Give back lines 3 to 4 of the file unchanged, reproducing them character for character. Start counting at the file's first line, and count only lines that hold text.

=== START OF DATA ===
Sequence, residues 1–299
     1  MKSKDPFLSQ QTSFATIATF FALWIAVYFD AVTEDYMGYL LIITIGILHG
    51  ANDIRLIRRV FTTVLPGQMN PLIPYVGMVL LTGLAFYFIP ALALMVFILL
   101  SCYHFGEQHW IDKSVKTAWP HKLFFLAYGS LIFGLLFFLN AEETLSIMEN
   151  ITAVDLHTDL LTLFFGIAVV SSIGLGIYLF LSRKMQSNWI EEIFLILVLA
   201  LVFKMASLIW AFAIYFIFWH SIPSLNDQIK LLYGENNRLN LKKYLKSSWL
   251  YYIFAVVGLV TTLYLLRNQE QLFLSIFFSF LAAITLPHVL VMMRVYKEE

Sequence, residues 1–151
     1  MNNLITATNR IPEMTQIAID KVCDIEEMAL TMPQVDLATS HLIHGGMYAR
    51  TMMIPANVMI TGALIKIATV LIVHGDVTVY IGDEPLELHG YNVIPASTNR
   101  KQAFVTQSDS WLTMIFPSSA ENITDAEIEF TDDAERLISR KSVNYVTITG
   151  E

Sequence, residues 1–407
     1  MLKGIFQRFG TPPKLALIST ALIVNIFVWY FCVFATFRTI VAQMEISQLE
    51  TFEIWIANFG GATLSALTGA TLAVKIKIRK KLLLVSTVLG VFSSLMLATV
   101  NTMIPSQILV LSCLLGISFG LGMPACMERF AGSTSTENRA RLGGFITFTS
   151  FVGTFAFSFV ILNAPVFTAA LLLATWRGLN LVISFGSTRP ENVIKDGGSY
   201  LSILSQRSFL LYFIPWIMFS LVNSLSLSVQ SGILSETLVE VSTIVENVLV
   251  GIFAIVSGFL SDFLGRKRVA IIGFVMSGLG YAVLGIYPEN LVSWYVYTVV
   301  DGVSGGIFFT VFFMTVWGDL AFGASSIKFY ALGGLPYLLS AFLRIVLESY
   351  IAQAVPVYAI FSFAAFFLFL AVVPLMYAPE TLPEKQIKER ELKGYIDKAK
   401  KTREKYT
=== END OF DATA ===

    51  ANDIRLIRRV FTTVLPGQMN PLIPYVGMVL LTGLAFYFIP ALALMVFILL
   101  SCYHFGEQHW IDKSVKTAWP HKLFFLAYGS LIFGLLFFLN AEETLSIMEN